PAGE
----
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Apr 09 2012

The impact of third parties in recent US presidential elections

The issue of the effect of third party candidacies is interesting, particularly this year. Former New Mexico governor Gary Johnson is seeking the nomination of the Libertarian Party while former Louisiana governor Buddy Roemer is seeking to capture the nomination of the Reform Party.

But the most significant factor could be the campaign by the shadowy group known as Americans Elect. While claiming to be a group that is sick of partisan gridlock and favors finding an alternative candidate by means of an open national primary using the internet for voting, the organization is secretive about its funding sources and there are suspicions that its motives are not as public-spirited as advertised. The key people behind it seem to be the usual suspects who are, under the banner of ‘centrism’ and ‘bipartisanship’, pushing for the same old pro-war, pro-oligarchy type of candidate. The fact that Americans Elect has formed itself as a 501(c)(4) group, coupled with its assertion that it is not a political party, enables it to keep its funding sources secret and makes a mockery of its claim to transparency. Incidentally, Buddy Roemer is also seeking to become the nominee of Americans Elect.

One interesting feature of the ‘Bread and Peace’ model of Douglas Hibbs is that while this model calculates the share of the incumbent party vote of just the two major parties, there have been situations where a third party has had a significant share of the vote, such as with George Wallace’s candidacy in 1968, where he got 14% of the national vote and Ross Perot’s in 1992 where he got 19% and it is interesting to see what impact such candidacies might have had on the outcomes.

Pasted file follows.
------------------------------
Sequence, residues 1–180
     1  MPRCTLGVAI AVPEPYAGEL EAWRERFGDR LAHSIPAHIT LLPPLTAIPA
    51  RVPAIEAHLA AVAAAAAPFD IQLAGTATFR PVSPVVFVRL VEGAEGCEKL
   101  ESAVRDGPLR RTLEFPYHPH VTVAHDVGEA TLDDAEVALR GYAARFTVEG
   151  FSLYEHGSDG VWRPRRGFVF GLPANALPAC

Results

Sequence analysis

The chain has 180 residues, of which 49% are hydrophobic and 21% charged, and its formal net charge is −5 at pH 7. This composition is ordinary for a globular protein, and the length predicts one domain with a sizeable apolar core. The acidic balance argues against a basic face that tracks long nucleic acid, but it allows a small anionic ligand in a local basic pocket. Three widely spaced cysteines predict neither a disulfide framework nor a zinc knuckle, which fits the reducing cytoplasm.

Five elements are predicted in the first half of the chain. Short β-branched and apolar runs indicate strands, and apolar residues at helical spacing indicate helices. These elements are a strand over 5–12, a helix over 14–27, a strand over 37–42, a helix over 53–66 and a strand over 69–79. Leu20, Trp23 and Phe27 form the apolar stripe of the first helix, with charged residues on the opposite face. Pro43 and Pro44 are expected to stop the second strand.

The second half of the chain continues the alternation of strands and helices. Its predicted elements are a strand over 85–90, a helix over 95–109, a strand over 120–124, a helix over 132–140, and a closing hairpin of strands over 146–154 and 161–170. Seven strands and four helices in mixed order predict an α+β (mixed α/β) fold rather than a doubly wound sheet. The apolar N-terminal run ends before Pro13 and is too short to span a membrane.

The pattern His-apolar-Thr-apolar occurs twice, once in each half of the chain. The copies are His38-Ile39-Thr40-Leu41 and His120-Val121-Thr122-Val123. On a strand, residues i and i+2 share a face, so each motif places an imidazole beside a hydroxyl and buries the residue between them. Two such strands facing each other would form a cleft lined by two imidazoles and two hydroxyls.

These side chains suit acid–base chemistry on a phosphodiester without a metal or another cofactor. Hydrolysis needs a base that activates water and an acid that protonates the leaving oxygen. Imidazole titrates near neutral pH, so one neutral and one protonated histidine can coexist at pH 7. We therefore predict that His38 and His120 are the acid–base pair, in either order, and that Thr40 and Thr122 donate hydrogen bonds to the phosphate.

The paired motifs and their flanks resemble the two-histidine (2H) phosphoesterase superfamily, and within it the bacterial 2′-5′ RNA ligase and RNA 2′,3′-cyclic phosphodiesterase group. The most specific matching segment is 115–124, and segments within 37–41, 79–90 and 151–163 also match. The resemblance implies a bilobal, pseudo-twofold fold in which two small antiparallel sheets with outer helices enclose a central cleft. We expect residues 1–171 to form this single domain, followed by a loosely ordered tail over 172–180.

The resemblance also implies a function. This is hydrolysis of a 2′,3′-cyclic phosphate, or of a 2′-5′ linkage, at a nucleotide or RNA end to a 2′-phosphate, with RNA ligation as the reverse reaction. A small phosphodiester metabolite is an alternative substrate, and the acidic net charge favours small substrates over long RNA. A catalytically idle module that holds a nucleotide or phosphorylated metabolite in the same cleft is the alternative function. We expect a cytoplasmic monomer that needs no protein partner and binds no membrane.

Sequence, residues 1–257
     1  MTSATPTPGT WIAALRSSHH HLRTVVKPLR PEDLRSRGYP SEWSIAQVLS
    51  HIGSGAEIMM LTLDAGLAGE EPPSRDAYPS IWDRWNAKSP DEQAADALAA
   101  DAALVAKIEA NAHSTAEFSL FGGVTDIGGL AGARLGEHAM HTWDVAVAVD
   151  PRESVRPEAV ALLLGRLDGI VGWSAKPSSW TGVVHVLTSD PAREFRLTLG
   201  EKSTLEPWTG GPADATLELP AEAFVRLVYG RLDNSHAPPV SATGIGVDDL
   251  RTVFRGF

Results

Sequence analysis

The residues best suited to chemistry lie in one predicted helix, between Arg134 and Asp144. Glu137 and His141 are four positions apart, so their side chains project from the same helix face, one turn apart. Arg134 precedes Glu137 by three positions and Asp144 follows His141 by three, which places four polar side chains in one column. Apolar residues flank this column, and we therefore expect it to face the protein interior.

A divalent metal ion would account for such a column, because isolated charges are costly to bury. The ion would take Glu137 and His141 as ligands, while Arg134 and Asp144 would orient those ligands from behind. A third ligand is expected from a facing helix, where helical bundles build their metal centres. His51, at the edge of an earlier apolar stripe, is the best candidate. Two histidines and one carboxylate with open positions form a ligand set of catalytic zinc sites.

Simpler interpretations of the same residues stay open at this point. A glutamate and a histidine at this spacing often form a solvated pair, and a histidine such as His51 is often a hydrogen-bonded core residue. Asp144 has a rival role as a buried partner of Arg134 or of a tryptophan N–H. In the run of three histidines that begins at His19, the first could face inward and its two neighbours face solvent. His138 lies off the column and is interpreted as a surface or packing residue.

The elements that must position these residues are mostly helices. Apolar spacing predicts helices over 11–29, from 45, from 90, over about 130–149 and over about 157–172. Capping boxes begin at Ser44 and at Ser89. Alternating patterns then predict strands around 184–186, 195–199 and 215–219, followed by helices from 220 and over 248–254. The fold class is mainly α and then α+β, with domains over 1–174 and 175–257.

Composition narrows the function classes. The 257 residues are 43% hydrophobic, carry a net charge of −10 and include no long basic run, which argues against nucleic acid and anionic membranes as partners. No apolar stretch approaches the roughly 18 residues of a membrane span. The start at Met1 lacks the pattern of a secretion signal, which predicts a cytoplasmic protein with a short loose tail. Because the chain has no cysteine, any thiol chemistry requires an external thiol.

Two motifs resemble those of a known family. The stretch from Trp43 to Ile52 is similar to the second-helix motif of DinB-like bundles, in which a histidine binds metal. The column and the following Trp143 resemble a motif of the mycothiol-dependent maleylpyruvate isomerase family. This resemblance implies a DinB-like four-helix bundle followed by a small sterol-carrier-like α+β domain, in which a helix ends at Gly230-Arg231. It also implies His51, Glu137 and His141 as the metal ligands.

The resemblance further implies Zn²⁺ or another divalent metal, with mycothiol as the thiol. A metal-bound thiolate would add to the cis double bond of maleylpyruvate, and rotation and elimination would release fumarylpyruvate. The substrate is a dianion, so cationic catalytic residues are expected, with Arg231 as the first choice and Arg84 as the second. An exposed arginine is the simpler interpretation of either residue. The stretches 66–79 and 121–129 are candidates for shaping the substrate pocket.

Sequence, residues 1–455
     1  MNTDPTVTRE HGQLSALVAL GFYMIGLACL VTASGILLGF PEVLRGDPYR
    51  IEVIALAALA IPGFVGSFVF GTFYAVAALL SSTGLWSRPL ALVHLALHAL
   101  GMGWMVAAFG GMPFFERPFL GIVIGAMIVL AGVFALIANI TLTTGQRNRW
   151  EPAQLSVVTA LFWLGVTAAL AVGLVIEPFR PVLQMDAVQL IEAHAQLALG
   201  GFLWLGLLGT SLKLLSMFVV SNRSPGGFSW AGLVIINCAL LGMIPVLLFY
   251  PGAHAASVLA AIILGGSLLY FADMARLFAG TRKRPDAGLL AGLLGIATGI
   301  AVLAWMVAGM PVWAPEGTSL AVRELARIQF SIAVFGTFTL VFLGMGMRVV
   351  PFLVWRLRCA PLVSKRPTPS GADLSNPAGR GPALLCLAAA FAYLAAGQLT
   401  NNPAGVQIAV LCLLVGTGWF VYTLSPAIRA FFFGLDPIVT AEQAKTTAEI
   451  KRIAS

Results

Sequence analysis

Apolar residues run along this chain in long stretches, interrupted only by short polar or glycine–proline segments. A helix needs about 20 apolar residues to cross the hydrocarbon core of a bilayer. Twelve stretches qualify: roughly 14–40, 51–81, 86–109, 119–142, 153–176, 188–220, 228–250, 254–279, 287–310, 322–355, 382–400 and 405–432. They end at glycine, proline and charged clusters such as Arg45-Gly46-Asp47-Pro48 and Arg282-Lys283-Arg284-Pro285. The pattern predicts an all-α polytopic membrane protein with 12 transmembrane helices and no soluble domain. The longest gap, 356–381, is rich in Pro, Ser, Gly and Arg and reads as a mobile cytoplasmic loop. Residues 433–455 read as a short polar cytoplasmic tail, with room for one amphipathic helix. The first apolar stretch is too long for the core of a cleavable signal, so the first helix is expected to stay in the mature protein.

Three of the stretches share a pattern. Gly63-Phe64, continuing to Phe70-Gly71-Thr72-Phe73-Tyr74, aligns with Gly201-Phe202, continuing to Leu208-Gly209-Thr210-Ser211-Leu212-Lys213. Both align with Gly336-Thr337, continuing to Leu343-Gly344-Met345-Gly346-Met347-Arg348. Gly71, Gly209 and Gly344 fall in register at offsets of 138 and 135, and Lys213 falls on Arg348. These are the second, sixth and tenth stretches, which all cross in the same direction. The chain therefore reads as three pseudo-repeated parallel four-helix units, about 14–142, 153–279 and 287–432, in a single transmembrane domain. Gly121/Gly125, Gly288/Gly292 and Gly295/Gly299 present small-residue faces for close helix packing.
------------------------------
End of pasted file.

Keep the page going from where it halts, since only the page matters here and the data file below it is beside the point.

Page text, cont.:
Going purely by the graph in Hibbs’s paper and taking the blue line as the expected vote, it looks like in 1968 the incumbent party’s Hubert Humphrey’s share of the two-party vote was not affected much by Wallace’s presence (in fact he did marginally better than the model’s prediction). What seemed to have sunk him were heavy Vietnam war casualties which reduced his predicted vote share by a whopping 7.4%. In the 1992 election, Perot’s presence may have lowered the vote share for George H. W. Bush somewhat, though the model predicts that he would have lost anyway.

The 1996 election also had a third party candidate in Ross Perot again who won about 8.4% of the vote. Although predicted to win, Bill Clinton’s winning percentage (55%) beat the model’s prediction by a large amount (4%), and this may have been due to Perot siphoning more votes away from Bob Dole than from Clinton.

So it looks like there is no convincing case to be made that third parties have swayed the election outcomes, though they may have influenced the margin of victory.

6 comments

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  1. 1
    slc1

    This analysis totally ignores the election in 2000 where the presence of Ralph Nader on the ballot almost certainly gave New Hampshire and, more famously Florida to Bush II. However, the fault lies not with Nader, it lies with the morons who didn’t find Gore pure enough for their tender feelings and declined to vote for him, instead sending a “message” to the Democrats. There “message” resulted in the elevation of fascists Alito and Roberts to the Supreme Court.